Abstracts

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E2137. Which Model Is Best? (Risk-Assessment Models, That Is)
Authors
  1. Shuai Yuan; Vanderbilt University Medical Center
  2. Tamarya Hoyt; Vanderbilt University Medical Center
Background
Breast cancer screening has made significant progress over the years with goals of detecting breast cancer in asymptomatic patients at an early stage and subsequently decreasing overall breast cancer mortality. There are various breast cancer risk-assessment models that serve to calculate patients’ five-year and life-time risks of breast cancer. Based on different level of risks, screening recommendations are made with supplemental imaging acquired with more advanced imaging tools. Through a thorough literature search and interrogation of peer-reviewed articles, this study aims to provide a comprehensive review of the various breast cancer risk assessment models, define what establishes high-risk patient status, explain guidelines for screening recommendations for high-risk patients, and explain corresponding outcomes. We want to answer the often-asked question, “which model is best?”

Educational Goals / Teaching Points
Patients have variant levels of understanding regarding their breast cancer screening recommendations and the roles of various recommendations in breast cancer diagnosis. By reviewing various breast cancer risk-assessment models, providing a definition of high-risk patients, and explaining guidelines for their screening recommendations, we hope to better guide practitioners in how to educate and follow-up their patients.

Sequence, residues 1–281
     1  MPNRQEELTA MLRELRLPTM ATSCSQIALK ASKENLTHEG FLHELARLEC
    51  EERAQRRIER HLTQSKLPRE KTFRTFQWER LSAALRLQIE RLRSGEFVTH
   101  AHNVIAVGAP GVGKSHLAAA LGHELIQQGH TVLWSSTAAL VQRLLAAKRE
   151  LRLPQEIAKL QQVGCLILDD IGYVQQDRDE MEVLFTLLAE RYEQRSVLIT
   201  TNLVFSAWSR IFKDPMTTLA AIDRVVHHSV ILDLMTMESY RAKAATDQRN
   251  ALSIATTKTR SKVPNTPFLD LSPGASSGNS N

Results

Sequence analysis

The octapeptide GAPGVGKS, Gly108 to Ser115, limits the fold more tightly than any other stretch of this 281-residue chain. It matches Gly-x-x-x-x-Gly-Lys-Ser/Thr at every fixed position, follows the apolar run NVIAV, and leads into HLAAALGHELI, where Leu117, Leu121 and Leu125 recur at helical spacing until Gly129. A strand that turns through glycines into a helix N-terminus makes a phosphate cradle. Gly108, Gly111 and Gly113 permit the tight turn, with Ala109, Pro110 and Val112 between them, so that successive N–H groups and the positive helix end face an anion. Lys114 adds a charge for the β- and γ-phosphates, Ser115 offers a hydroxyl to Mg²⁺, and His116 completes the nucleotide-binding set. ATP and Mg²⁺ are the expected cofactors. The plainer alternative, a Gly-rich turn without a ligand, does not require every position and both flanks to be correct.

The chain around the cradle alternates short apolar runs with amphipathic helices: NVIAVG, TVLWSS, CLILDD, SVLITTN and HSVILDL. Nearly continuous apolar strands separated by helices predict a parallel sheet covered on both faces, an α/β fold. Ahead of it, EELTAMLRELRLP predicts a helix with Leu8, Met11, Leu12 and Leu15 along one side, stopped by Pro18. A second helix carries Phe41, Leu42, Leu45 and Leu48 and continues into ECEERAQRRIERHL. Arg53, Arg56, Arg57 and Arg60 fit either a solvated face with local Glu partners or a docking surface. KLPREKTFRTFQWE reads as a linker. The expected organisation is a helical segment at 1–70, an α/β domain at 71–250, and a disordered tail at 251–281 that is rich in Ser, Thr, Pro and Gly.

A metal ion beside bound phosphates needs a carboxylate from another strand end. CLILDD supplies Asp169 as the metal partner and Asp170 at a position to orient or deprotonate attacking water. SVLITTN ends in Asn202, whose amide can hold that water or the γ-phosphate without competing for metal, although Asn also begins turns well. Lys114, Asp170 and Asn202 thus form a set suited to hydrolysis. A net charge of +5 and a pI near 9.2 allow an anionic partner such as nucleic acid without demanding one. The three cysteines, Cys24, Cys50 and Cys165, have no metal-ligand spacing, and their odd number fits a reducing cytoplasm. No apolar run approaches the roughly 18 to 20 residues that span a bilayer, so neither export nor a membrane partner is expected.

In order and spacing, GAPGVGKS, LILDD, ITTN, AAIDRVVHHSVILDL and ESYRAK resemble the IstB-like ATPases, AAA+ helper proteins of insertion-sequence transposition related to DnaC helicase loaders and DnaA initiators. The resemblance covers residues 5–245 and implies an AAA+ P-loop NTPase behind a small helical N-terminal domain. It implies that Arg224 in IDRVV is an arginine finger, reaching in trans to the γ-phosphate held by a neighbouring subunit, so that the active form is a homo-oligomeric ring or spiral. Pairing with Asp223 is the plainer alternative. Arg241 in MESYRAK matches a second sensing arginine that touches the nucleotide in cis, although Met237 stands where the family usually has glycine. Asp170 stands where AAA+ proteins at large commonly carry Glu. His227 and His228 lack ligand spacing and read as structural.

Key Anatomic/Physiologic Issues and Imaging Findings/Techniques
Our project will focus on an extensive literature review of various breast cancer risk-assessment models, define what establishes patients as high-risk for breast cancer, and review guidelines for high-risk patient screening and outcomes. We will give some examples of radiographic images, such as images of the spectrum of breast density, explaining dense tissue carries a greater risk. We will also provide some additional example images, using them to supplementally explain high-risk screening modality options.

Conclusion
By reviewing various breast cancer risk assessment models, we hope to qualify a definition of high-risk patients and their screening guidelines, so that clinicians may better educate and follow up with their patients. Improved clinical management should ultimately lead to better medical outcomes.